Intention and Interpretation: Towards A Meta-Theory of Legal Hermenuetics
55 Pages Posted: 14 May 2009 Last revised: 16 Aug 2012
Date Written: May 13, 2009
This article addresses the terms under which discussions of legal (i.e. constitutional and statutory) interpretation take place, advocating a shift away from “originalism” as our axis of debate to “intentionalism.” I argue that originalism has far more in common with its foes than has been generally recognized, and that intentionalism better implicates the most fundamental aspect of such methods of interpretation, regarding the existence, nature, and importance of intentions. I assert that originalists, just as much as many traditionally considered opposed to them, are intentionalists because they rely on mental state theories of intention. Tracking debates in the philosophy of action and literary theory, I also suggest that it is helpful to talk of intentionalism because it more explicitly relates legal concerns to the interpretive concerns common to these other fields. My approach also engages the work of others who, in various ways, have earlier discussed in the legal literature the broader context and implications of intentionalism, and especially that of Heidi Hurd on the ubiquity of intentionalism in legal interpretation. Although I do not here limn or endorse a specific interpretive methodology, my conclusions do extend to asserting that originalism and textualism, instead of being complementary, are at direct odds with one another – with originalism being a form of intentionalism and textualism explicitly rejecting intentionalism.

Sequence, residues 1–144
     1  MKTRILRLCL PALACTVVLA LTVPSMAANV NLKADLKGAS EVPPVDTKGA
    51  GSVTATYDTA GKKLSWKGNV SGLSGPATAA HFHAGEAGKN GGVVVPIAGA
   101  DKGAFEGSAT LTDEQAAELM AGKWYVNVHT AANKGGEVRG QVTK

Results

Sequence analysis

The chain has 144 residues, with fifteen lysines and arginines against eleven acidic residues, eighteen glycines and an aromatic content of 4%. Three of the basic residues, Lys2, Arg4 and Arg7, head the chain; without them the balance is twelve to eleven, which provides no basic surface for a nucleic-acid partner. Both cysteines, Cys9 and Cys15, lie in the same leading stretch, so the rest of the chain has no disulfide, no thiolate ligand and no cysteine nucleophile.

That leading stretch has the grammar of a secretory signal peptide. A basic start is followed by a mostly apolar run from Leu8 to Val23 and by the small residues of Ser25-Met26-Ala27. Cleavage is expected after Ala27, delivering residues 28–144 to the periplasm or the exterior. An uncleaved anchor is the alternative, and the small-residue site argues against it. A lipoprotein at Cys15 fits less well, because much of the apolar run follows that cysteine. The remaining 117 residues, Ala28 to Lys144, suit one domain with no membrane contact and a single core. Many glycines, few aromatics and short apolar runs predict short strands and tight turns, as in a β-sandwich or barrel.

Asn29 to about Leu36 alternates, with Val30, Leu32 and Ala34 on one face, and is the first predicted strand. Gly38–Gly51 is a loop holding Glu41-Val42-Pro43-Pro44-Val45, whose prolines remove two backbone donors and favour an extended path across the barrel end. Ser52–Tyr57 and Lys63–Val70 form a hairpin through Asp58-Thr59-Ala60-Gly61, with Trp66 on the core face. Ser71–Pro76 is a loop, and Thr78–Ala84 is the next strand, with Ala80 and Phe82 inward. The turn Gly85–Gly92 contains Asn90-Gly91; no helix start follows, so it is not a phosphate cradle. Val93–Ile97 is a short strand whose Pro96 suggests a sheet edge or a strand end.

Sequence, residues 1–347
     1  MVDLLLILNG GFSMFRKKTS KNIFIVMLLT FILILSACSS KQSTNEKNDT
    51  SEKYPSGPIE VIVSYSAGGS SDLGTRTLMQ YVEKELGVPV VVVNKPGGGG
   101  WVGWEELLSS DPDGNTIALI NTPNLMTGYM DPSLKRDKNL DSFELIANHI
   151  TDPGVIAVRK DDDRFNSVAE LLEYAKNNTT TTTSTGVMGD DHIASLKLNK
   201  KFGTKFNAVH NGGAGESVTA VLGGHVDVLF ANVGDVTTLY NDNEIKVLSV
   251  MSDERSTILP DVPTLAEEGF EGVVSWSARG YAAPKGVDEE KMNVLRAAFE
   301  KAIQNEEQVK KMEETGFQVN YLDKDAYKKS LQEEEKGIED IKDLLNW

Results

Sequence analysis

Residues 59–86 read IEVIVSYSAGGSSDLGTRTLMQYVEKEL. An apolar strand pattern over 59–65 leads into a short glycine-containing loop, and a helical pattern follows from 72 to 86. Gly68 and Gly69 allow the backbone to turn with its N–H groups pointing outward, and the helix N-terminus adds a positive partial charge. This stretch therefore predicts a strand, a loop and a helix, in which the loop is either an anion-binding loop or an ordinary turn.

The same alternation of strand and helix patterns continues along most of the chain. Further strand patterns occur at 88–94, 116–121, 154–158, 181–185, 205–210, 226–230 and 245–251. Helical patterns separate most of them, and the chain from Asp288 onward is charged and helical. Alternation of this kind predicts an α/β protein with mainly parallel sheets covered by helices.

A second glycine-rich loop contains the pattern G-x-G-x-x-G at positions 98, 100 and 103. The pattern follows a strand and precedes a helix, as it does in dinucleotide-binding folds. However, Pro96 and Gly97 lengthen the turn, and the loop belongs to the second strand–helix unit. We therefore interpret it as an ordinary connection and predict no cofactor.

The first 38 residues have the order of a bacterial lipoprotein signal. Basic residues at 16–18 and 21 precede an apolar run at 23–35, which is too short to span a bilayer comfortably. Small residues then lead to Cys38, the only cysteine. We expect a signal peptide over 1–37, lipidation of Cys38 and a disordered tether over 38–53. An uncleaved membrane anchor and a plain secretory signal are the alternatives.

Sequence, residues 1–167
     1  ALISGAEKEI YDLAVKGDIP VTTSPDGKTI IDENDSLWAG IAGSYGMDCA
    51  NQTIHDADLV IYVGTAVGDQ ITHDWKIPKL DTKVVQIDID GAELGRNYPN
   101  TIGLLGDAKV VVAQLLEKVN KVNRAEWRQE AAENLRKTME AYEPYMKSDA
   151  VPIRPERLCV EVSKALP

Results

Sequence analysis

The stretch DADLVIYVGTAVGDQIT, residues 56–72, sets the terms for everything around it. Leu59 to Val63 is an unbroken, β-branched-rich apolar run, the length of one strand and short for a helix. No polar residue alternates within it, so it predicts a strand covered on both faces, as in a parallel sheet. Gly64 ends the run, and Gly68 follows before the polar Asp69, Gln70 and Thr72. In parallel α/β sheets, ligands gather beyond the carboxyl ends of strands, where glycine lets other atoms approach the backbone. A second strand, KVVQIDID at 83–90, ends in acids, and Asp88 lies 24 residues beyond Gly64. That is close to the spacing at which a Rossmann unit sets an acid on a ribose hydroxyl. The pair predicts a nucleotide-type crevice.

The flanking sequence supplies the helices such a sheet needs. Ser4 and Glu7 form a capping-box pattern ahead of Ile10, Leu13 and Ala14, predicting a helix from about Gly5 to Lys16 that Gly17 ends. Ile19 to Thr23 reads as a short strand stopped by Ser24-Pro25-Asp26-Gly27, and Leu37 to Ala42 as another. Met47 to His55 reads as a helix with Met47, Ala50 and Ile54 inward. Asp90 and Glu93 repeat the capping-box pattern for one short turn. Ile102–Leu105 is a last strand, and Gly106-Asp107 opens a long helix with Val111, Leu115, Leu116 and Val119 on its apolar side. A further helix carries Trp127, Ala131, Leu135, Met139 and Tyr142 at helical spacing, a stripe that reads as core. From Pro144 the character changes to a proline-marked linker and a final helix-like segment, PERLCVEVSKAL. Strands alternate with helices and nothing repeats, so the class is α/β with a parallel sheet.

Keywords: interpretation, law and literature, philosophy of action, anscombe, bratman, intention, intentionalism, originalism, non-originalism, constitutional interpretation, purposivism, legal philosophy, law and philosophy, jurisprudence, legal theory
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